Communism and its Collapse (Making of the Contemporary by Stephen White

By Stephen White

Starting from the Russian revolution of 1917 to the cave in of jap Europe within the Nineteen Eighties this learn examines Communist rule. via focusing totally on the USSR and japanese Europe Stephen White covers the main subject matters and concerns affecting those international locations, including:* communism as a doctrine* the evolution of Communist rule* the demanding situations to Soviet authority in Hungary and Yugoslavia* the rising monetary fragility of the Nineteen Sixties* the complicated strategy of cave in within the Eighties. Any scholar or pupil of ecu background will locate this a vital addition to their studying checklist.

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THE PRAGUE SPRING OF 1968 The most far-reaching attempt within this period to establish a different model of communist rule was Czechoslavakia’s ‘Prague Spring’ (although the popular title of the reform movement is something of a misnomer as it embraced the whole country and lasted most of the year). The origins of the reform movement lay deep in Czechoslovakian history. The country had been the only East European state that had maintained democracy throughout the interwar period; in Poland, for instance, Pilsudski had staged a coup in 1926 that established a military dictatorship, and some of the others were overtly fascist.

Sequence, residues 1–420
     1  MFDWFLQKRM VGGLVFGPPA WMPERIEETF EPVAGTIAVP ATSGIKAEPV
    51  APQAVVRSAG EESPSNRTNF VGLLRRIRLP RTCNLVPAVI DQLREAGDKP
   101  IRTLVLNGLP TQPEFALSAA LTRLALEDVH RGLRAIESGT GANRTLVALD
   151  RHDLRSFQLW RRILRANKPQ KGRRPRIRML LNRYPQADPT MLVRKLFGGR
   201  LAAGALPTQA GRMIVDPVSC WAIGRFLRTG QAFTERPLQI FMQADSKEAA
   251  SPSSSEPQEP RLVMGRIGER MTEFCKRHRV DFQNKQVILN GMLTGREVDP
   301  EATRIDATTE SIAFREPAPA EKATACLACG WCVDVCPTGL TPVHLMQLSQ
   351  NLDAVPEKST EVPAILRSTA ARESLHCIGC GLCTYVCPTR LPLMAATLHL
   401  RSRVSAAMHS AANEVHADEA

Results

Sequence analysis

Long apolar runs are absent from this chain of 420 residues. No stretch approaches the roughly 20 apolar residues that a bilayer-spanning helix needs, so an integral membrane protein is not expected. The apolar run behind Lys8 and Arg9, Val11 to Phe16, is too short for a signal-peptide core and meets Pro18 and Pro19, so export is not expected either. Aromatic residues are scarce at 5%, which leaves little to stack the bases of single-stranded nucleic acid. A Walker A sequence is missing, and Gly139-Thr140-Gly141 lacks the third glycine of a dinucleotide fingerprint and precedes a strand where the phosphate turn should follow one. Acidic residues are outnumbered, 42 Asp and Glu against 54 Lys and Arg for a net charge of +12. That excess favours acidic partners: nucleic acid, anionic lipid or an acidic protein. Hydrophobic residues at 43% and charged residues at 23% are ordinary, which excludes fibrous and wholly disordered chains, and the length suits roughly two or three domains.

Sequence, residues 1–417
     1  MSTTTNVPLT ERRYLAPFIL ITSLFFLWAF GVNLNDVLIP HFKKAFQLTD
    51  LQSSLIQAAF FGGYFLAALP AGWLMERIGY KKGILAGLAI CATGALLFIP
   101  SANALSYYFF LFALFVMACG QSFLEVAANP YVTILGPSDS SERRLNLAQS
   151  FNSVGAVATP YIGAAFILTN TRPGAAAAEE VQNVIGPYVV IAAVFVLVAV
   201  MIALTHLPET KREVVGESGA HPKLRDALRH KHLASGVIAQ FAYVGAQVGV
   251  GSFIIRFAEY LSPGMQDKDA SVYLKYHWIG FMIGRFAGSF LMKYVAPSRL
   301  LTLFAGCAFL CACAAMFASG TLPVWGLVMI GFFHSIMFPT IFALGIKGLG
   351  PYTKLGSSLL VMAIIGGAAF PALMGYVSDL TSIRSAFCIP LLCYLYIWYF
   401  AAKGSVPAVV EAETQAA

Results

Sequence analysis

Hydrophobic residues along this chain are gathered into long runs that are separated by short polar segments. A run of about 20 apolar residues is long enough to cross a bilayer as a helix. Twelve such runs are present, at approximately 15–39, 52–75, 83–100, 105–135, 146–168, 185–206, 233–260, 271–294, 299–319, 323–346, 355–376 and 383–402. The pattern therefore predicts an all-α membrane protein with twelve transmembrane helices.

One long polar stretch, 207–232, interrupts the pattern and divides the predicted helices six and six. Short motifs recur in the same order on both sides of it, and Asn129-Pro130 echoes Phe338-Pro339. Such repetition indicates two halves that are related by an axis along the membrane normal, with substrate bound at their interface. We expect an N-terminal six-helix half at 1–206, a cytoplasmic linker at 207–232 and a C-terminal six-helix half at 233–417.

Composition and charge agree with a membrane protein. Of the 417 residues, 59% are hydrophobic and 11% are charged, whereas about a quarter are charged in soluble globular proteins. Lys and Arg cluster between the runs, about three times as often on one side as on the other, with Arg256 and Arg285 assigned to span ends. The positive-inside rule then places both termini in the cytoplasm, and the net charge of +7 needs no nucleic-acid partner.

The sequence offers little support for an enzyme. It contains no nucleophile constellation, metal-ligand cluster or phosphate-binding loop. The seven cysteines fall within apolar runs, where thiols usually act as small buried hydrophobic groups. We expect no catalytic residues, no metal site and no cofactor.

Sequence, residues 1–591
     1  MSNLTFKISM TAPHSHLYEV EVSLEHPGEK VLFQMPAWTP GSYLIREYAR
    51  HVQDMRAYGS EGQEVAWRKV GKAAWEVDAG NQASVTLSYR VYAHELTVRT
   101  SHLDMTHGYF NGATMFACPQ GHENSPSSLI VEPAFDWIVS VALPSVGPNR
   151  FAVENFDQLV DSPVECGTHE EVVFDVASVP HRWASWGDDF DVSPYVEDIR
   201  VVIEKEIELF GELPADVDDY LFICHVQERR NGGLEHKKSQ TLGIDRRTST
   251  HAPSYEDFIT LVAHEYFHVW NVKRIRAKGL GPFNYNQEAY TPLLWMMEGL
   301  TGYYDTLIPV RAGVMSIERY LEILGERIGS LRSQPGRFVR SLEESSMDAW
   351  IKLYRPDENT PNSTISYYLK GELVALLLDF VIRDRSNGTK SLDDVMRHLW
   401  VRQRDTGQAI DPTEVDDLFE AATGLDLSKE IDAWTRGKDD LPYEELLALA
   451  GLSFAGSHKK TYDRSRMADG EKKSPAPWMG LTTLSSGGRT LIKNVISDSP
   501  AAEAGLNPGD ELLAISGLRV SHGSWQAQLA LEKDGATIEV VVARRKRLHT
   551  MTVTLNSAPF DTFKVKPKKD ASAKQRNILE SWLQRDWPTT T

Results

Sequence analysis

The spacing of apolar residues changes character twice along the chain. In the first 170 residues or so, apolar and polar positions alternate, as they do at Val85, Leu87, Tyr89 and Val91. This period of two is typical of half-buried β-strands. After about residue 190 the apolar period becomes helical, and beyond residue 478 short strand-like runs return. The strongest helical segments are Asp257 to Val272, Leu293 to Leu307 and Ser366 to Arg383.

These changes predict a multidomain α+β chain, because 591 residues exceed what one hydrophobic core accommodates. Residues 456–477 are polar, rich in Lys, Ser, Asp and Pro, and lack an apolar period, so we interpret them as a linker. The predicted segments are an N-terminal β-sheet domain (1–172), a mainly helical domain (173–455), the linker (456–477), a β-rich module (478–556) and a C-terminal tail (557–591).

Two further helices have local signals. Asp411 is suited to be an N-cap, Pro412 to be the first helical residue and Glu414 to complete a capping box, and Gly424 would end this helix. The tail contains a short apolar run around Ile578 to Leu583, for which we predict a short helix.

There were no direct attacks on socialism, the leading role of the Communist Party, or on membership of the Warsaw Treaty Organisation. But a process of reform began to gather pace, much of it expressed in an Action Programme that was adopted by the Communist Party’s Central Committee in April 1968. The Action Programme was an eclectic document that took its inspiration from several different sources; and it was often declaratory, in that it promised subsequent reform but did not make a more specific commitment.

Soviet spokesmen justified their intervention by reference to the Warsaw Treaty, 26 ‘National communism’ in Eastern Europe which allowed the USSR to protect Hungary against ‘subversion’. Kádár, moreover, had appealed directly for the USSR’s support, disowning Nagy in a radio broadcast on 4 November and announcing the formation of a new worker-peasant government. Kádár did not repudiate a popular movement that had begun to put right the ‘anti-party and anti-democratic crimes committed by Rákosi and his associates’, but the movement had been exploited by ‘reactionary elements’, workers and young people had been misled, and the whole country had been engulfed by ‘excesses, murdering and looting’.

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